Not once. Twice.
That’s how many times in the first half Sunday that the Giants came away scoreless inside the 10-yard line, failures that erased at least six points in a critical 20-6 loss to the Browns at MetLife Stadium. Joe Judge justified his coaching decisions by taking pressure off his undermanned defense, but the specific play calls left much to be desired.
“Field goals weren’t going to win this game,” Judge said.
Even with their best player James Bradberry sidelined as a high-risk close contact for COVID-19, defense still is the clear-cut strength of the Giants. Especially with a backup offensive coordinator (Freddie Kitchens) calling plays for a backup quarterback (Colt McCoy).
The formula for winning with McCoy was on display two weeks ago, when the defense stifled Russell Wilson and the offense did just enough to beat the Seahawks, 17-12. All of which made the Giants’ willingness to risk coming away from three red-zone trips with just three total points all the more confusing.
“You don’t go in with some kind of a crystal ball and say they are only going to score 20 points,” Judge said.
On fourth-and-goal at the end of the opening possession, a fake field goal left holder/punter Riley Dixon as the shotgun quarterback and he overthrew a pass to triple-covered center Nick Gates. Kicker Graham Gano and right tackle Cam Fleming also were running routes. No typos there — and the sneak attack fooled nobody.
“I thought it was a well-designed fake — we’ve executed and practiced that throughout the year,” Judge said. “You hit that thing and everyone yells, anoints you a guru and you don’t hit that thing and everybody wants to second-guess the decision.”
With the Browns leading 7-3 in the second quarter, the Giants again got away from their identity.
Judge has coached all season — especially when the Giants are underdogs — to keep games close and try to steal a fourth-quarter win. This looked more like a game the aggressive Kitchens coached in his year in charge of the Browns in 2019, which made it worth wondering his impact whispering in Judge’s ear.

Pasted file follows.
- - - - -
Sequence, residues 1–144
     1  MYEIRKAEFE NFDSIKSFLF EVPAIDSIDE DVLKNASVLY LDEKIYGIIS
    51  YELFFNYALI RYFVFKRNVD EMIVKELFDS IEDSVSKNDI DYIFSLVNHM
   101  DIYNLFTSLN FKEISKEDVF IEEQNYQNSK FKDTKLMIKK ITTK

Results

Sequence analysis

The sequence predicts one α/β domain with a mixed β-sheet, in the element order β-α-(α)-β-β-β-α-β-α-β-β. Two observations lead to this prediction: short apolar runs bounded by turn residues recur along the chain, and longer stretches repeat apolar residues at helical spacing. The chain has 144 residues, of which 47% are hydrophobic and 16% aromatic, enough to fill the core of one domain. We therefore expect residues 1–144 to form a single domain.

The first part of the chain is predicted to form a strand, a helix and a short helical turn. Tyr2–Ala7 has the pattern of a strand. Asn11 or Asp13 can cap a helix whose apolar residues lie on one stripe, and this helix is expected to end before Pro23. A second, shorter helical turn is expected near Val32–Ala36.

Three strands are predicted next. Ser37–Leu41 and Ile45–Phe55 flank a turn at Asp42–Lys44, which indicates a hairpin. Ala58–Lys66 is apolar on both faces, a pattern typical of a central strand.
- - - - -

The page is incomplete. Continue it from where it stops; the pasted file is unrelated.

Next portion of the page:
When the Giants faced fourth-and-2 at the Browns 6-yard line, Wayne Gallman replaced backup running back Alfred Morris — who had five carries for 24 yards on the drive — and was tackled short of the marker.
“We moved the ball up and down the field — we just have to figure out how to score touchdowns,” McCoy said. “If you want to point the finger at anybody, point it at me.”
The Giants entered the game ranked No. 29 in red-zone efficiency, scoring touchdowns on only 50 percent of their trips inside the 20-yard line with Jason Garrett calling the plays.
It became clear the Giants were coaching and playing to score in the 20s for the first time in four games — and take some pressure off the overtaxed defense. They succeeded in holding the Browns to three first-half possessions, but those produced two touchdowns (missed PAT).
The Browns backed up tackling Gallman with a 95-yard touchdown drive to build an insurmountable 13-3 halftime lead.
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